Is Shame-Shaming A Thing?

by Brenda Pitt

Dictionary entries for the word shame include “a painful emotion caused by consciousness of guilt, shortcoming, or impropriety” and “a feeling of guilt, regret, or sadness that you have because you know you have done something wrong.” Etymologically, the word comes from the Old English scamu, a “loss of esteem” or something that “brings disgrace[…] private parts.” The word is powerful, calling to mind images of our most closely held secrets and deepest insecurities. Unlike embarrass, by definition “to make (someone) feel confused and foolish in front of other people,” shame carries the weight of guilt and wrongdoing. 


Adam and Eve were shamed for listening to an evil serpent, and they covered their bodies. Phrases like slut-shaming and body-shaming exist because making someone feel guilty, as though their bodies are morally wrong, is unacceptable and reprehensible. These phrases and their impact are important and serious; our society needs them.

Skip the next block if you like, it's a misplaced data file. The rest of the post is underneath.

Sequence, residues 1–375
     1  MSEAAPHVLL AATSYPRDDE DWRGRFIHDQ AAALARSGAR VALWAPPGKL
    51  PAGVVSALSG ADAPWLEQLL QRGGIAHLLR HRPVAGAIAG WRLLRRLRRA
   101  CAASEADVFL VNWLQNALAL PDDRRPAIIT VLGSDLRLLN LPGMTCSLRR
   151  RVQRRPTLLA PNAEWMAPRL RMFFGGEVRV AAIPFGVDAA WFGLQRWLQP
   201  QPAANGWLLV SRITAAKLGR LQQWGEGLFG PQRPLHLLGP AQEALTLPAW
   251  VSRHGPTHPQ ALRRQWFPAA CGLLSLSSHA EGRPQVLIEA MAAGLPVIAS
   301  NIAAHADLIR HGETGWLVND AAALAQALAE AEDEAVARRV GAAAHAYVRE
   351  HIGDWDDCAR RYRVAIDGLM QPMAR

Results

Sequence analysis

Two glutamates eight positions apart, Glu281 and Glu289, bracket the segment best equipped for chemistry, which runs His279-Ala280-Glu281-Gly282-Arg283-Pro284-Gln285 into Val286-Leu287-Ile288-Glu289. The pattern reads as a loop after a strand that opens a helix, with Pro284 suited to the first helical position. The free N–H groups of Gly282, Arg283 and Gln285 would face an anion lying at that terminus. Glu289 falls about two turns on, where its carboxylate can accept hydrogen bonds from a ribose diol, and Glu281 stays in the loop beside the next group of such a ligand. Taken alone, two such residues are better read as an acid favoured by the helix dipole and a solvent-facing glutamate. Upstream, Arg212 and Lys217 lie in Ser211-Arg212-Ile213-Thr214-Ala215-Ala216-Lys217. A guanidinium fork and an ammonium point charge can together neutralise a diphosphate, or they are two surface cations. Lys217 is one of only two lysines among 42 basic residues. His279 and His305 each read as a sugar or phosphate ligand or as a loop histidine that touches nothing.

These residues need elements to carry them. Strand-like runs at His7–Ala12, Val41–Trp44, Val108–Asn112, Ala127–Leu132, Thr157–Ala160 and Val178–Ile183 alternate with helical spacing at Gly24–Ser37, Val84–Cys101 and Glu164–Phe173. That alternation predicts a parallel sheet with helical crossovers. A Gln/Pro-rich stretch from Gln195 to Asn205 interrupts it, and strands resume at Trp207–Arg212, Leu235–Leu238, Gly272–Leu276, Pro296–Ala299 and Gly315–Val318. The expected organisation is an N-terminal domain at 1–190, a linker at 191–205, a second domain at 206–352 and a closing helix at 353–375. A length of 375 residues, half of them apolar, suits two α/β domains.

When we start using shame in lieu of embarrass or criticize, the word and the phrases that incorporate it lose their value. As Slate’s Mark Peters writes, phrases like creep-shaming, privilege-shaming, and bigot-shaming undermine the potency of the word and very real idea of shame. “While shaming is often used to point out legitimately horrible behavior—especially against women—it is becoming so common that its meaning has begun to leach away,” he explains. 



Peters is also disturbed by the increased use of phrases like child-shaming and dog-shaming, claiming that the word is now used for comic effect. He writes of librarian-shaming et al, “Shaming has always been a form of emotional abuse, but now it’s also a growing genre of humor.” 


He’s right: shame isn’t funny. But I see websites like dog-shaming not as destructive but as opportunities to gain some insight into the way we use the word; I think it’s more of a parody of things like “creep shaming” than anything else. Saying shame when one really means critique or embarrass transforms the whole idea into a joke. Lest we go the way of the boy who cried wolf, maybe we should reconsider crying, “Shame!”


Thanks to Slate , Etymonline, and Merriam Webster

Images via Heavy, After the Millenials

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